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# A few newbie questions..

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A) Why would I use 1.0f instead of 1.0? B) Why use GLfloat, GLuint instead of normal floats and     unsigned integers? C) I'm sure I'll be back with more questions when I think of     them Edited by - Kaptain Kangaroo on August 1, 2001 8:26:28 AM Edited by - Kaptain Kangaroo on August 1, 2001 8:27:41 AM

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the f in 1.0f is just to make the compiler now that the value is a floating point number. If you don''t specify the f it will asume it''s a double and cast it to a float..

GLfloat, GLuint and so on are just typecasts defined in gl.h and are kind of cool. If the OpenGL ARB suddenly desides that a GLint should be 64 bits instead of 32 (the usual int) all you would have to do was to recompile your old code and it would work (that is if you used the opengl typedefs)

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Also on the 1.0f vs. 1.0 deal, OpenGL functions have several different flavours of parameters. Take the glVertex*() functions. Two different flavours of the function are glVertex3f() and glVertex3d(). The "3" stands for the number of parameters the function takes, but the last letter stands for the type of data the function expects. In the case of the "3f" function, it expects floating point values (GLfloat). In the "3d", double-precision values (GLdouble).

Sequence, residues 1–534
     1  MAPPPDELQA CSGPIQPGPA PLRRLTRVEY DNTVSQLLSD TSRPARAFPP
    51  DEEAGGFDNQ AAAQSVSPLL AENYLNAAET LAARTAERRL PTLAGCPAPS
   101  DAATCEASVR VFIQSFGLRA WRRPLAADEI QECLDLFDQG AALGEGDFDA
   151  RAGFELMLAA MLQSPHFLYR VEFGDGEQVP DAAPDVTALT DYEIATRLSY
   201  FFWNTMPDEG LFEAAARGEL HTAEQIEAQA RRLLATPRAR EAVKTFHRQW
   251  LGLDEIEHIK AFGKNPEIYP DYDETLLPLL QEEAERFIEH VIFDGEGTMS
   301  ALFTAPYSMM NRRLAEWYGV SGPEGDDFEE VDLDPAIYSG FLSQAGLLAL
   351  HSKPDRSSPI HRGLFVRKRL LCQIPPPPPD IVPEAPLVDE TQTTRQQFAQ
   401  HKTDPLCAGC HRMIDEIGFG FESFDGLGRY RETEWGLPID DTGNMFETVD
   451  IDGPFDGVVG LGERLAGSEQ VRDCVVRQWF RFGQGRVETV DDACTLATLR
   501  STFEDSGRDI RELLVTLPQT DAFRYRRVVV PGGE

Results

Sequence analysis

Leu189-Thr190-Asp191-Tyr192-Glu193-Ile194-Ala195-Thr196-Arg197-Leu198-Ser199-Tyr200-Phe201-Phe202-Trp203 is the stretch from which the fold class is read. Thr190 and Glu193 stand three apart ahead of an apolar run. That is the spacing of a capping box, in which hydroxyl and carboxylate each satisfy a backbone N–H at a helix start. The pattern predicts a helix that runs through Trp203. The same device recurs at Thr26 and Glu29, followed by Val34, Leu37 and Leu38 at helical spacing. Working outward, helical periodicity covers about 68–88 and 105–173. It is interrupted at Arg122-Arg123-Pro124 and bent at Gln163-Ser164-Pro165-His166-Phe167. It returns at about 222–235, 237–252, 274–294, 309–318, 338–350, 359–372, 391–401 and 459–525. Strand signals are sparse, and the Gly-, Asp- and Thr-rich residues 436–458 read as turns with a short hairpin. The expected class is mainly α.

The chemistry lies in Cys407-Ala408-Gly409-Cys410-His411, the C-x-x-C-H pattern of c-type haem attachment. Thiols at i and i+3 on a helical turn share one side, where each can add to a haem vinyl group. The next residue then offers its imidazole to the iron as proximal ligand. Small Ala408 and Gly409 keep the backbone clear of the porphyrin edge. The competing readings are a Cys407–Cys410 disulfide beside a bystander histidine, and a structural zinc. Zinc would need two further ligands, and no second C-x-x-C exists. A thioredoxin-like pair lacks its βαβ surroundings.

NeHe uses the floating-point routines because of speed, I presume, because double-precision values take twice as long to move in and out of registers; hence why we use floats and 1.0f.

~ Dragonus

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if you write 1.0 instead of 1.0f, you possibly will write 1 instead of 1.f or 1.0f, too, and in this case, its even an integer..

now if you have ( in c++ ) an overloaded function like float square_root( float x ) and int square_root( int x ), and write square_root( 2 ), you get the integerfunction => you get returned 1, or 2 ( i think 1.. ) instead of 1.414etc.. means if you dont use .f at the end, you possibly get integercalculations, like in

float x = 1/2; it can, just _can_ be sometimes interpreted as integer-calculation, and you get errors

if u use printf, a c-function, you even get the wrong value if you write printf("%f\n", 1 ), cause then the 1 is , as usually, interpreted as integer-one, and this is binary different written than the floating-point-one.. and you dont get 1 onto the screen

the GLuint, GLfloat is something like objectorientet, for "now i know its a value from opengl".. i use it for texture-id''s but for nothing else..

we wanna play, not watch the pictures

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That''s great, thanks. I was thrown by the f after the number, I''ve never seen syntax like that before. But yeah, everything''s clear now, thanks :D

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